The Sketch: MPs shoot the messenger and miss the point

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Time to boycott PMQs. This one says this, that one says that, sometimes it's the other way round. It is not merely sterile in itself but the cause of sterility in others.

In order to show he was not a "do-nothing" Premier, Gordon told us what he – unlike some others – wasn't not doing.

There were people he was giving £250 to and other people he was giving £60 to, and another half a million "vulnerable families" who were getting £25. Then the shutters came down on the manic minutiae of Gordon's Government.

Cameron accused him of "opportunism". Next week he'll denounce him for being an Etonian Euro-sceptic who should be ashamed of talking down the pound.

To the Treasury Select Committee for a packed-out meeting. Had they Paris Hilton in to talk about credit derivatives?

No, dammit, it was journalists. Yes, Britain's most fearless warrior journalists, armed only with a single sword of truth, faced a rabble of hooting, spear-shaking, face-making, woad-covered savages. By which I mean Colin Breed (Liberal Democrat, South-East Cornwall).

Breed and the Labour members on his left and right wanted to blame the credit crunch on shortsellers and the media. "Are you or are you not responsible for the run on Northern Rock?" he asked Robert Peston.

Peston's critics will be sorry to hear he acquitted himself with very much shorter diphthongs than he does on air. He told us that it wasn't the small depositors that caused the run (1.3 million depositors couldn't get their money from the Rock's 50 branches fast enough to cause a run). No, it was the big, wholesale investors who were taking their money out because they knew how bad the book was.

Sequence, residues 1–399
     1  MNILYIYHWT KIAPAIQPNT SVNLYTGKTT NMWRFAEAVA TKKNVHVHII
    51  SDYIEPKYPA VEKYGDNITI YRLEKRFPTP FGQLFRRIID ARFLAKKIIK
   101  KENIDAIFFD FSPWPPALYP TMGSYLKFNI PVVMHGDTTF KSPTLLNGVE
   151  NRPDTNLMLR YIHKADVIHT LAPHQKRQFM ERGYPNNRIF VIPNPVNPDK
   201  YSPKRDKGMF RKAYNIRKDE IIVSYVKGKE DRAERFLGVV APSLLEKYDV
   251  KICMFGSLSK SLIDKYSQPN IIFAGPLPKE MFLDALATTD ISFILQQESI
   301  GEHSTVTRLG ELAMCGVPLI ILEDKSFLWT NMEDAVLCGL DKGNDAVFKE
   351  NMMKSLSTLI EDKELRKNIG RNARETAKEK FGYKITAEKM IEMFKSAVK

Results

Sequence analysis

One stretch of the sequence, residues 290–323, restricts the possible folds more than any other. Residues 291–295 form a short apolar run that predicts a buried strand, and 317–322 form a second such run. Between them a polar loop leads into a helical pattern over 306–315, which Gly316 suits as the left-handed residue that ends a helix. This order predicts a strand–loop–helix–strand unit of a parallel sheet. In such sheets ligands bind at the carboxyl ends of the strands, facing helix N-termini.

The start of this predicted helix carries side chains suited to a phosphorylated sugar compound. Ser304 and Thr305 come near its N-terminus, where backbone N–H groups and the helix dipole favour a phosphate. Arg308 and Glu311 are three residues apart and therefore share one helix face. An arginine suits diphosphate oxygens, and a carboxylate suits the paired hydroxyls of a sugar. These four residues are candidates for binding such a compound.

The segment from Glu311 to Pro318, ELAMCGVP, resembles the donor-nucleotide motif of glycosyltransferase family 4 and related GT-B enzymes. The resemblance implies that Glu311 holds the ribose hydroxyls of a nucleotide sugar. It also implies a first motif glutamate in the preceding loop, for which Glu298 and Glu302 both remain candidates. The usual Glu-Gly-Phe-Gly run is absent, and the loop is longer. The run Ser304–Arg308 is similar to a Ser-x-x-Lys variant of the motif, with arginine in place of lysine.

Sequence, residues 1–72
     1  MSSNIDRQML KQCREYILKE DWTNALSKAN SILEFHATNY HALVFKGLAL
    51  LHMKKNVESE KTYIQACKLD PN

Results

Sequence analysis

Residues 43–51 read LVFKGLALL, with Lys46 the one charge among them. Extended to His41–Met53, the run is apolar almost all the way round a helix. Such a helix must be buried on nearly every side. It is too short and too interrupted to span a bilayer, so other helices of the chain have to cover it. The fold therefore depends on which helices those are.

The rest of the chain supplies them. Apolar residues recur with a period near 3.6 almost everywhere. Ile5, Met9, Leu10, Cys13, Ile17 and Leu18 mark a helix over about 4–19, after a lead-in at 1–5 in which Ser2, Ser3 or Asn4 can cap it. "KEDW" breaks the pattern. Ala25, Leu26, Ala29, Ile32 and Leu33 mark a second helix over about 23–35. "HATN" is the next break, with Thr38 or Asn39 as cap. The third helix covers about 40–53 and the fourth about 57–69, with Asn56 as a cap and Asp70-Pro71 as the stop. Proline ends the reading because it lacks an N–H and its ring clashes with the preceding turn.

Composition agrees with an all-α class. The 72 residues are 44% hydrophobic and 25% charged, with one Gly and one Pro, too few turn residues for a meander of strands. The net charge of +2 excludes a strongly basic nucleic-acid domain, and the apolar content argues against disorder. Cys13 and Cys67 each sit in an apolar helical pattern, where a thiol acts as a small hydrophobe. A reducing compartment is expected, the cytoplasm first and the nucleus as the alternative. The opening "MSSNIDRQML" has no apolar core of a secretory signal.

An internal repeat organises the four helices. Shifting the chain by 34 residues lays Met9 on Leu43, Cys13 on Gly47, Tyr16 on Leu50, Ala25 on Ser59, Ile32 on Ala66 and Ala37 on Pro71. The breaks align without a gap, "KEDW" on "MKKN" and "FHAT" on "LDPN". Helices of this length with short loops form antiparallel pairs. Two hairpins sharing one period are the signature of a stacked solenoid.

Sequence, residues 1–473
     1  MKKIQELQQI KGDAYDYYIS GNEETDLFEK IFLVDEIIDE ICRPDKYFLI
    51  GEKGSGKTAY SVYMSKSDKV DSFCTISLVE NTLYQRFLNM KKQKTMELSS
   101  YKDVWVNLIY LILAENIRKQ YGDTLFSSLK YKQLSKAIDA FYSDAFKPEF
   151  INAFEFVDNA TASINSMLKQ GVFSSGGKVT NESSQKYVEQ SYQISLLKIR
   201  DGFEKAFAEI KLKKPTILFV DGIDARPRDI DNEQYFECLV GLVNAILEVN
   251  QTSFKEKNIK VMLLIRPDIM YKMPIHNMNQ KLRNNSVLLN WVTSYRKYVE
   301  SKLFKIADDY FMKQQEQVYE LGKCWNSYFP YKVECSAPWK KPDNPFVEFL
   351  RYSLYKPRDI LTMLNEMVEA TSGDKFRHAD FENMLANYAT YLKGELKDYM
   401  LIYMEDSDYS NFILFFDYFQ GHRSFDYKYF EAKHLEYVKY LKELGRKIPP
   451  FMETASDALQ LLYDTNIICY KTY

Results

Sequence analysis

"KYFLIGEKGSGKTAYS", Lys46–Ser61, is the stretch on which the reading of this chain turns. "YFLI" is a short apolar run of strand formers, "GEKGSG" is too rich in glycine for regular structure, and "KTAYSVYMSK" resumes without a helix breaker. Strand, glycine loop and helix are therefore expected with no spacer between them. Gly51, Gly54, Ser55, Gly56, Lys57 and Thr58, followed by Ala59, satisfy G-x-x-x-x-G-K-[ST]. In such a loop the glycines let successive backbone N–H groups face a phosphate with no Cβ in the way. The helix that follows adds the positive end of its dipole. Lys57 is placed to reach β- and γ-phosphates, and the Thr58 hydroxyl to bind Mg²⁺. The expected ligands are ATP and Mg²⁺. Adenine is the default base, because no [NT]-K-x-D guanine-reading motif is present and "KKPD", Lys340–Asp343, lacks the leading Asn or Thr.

Cue the second-stupidest question of the day: "Didn't the filming of the queues add to the sense of panic?" But as a) you can't film institutions downloading their billions, and b) that panic was rational for small investors, you have to conclude the filming was entirely in the public interest.

John Mann asked another finger-pointing question (the finger pointed at himself) and then Nick Ainger stepped into the spotlight. The economy had been rushing towards the cliff and had any journalists warned the country? Had they tried, their editors wouldn't have published it!

Out of the hubbub, Lionel Barber of the Financial Times called, "Who's going to say 'rubbish' first?" They had all, it seems, been saying nothing else for three years.

I'm afraid the MPs still haven't got it. They think "short-sellers" are the enemy. They think someone knows what's going on. And when Simon Jenkins told them to let the useless, bankrupt banks go bust instead of bunging billions at them, you can see the woad cracking on their furrowing foreheads.

All the same, it was a fertile conversation – and it happened in Parliament.